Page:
And if the world ends on May 21?

“There is no doubt that the Antichrist has already been born. Firmly established already in his early years, he will, after reaching maturity, achieve supreme power.”  -Martin of Tours, 4th Century AD

I’ve always had friends who are “into” Biblical prophecy and finding the dates of Christ’s return.  In the ’70s, I saw charts and graphs predicting the end of the world would happen in the ’70s.  The same thing happened in the ’80s and ’90s.  And who among us could forget Y2K and the great apocalyptic threats of that time as people ran for cover, taking their guns and bags of rice with them just in case.

Now there’s a lot of chatter about May 21, the day believers will exit, plucked out of here (raptured) by Christ, so that hell’s fury can be poured on the rest of the planet, which will be destroyed on October 21.  You can learn all about it through the link above, complete with charts, though they’re different than the charts of my youth, by 15, 20, 30, years or more.

My response to all this is a simple question:  So what?  

Don’t get me wrong.  I believe in the day of the Lord, and a final judgment.  It’s hard to read the Bible and come to the conclusion that history won’t have a terminus.  Commerce, wars, nation-states and family life–everything as we know it–will come to end some day, and maybe that day will be soon. Sadly, though, the predicting of dates has had a long, tired, embarrassing history in the church, enough that I’m sure some people view all of us as quacks because we’ve gotten that guessing game wrong so often.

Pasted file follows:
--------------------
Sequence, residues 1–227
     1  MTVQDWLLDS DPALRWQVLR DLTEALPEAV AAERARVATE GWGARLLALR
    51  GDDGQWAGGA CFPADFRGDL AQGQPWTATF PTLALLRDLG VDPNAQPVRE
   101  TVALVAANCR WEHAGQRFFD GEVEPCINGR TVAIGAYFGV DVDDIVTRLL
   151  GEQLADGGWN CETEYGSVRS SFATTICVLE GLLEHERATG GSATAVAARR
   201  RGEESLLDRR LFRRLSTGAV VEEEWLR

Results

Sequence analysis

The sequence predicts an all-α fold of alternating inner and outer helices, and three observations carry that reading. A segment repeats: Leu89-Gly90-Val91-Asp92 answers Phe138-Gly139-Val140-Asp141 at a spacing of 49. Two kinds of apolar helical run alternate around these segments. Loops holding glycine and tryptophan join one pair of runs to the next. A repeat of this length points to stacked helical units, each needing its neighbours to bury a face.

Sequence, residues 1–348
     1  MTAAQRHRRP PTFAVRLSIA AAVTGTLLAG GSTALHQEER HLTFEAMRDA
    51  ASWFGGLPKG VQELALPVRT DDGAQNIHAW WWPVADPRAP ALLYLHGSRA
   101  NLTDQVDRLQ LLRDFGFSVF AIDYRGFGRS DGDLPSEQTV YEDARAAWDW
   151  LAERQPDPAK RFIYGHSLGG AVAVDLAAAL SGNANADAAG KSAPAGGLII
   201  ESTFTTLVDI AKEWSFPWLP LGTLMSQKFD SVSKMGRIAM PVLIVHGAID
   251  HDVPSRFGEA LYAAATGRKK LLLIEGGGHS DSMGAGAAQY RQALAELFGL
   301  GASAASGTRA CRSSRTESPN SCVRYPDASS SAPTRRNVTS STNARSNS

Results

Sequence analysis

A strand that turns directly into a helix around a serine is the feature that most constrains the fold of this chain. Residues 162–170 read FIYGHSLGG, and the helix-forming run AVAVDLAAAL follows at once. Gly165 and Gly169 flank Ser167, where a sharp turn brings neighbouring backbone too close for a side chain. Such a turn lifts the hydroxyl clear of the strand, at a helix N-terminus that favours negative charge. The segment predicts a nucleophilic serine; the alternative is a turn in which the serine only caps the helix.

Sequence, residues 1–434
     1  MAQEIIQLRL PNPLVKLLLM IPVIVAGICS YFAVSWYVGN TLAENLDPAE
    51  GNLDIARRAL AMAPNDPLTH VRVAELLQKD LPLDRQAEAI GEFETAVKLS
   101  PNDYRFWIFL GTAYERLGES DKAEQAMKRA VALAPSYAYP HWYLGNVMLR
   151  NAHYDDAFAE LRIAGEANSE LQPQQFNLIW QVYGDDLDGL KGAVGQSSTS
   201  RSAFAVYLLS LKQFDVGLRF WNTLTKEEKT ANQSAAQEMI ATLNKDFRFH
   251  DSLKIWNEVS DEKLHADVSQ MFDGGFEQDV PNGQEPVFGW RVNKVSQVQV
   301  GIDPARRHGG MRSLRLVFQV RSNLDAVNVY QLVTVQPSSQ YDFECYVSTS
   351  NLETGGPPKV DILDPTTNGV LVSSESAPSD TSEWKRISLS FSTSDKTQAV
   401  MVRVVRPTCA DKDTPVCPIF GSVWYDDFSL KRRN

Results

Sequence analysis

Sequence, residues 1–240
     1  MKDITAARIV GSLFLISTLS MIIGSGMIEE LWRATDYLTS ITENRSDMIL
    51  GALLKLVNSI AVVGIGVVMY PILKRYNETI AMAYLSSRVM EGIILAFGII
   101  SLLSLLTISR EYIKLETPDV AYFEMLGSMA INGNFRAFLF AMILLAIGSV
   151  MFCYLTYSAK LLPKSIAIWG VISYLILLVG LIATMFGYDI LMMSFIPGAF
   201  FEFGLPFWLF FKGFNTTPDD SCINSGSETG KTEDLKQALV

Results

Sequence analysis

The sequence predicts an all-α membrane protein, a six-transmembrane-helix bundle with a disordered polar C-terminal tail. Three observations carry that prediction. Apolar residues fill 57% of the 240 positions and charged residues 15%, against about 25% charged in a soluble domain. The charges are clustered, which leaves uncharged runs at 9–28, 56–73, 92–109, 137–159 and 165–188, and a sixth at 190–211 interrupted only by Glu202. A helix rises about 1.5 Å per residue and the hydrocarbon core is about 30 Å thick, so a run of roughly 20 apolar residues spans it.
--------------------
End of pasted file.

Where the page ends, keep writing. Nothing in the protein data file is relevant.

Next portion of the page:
The reason I say “so what?” in response to the latest educated guess has nothing to do with this group’s chart.  Anybody can make a cool chart.  Anybody can start with certain assumptions and find the final hour of history.  It’s the assumptions, though, that need to be challenged because wrong assumption in an argument will always lead to wrong conclusions.  But never mind that–even challenging the assumptions misses the main points, and there are, it seems to me, three main points.

1. Prophecy was given in the Bible so that after things happened, people could say, “this is that of which the prophets spoke.”  I’m having a terrible time finding clear dates, most likely because what Jesus said here.  In spite of this, people love to guess.  Fine.  Guess if you must.  But call it that, please.  We’ve been down this tired road too many times.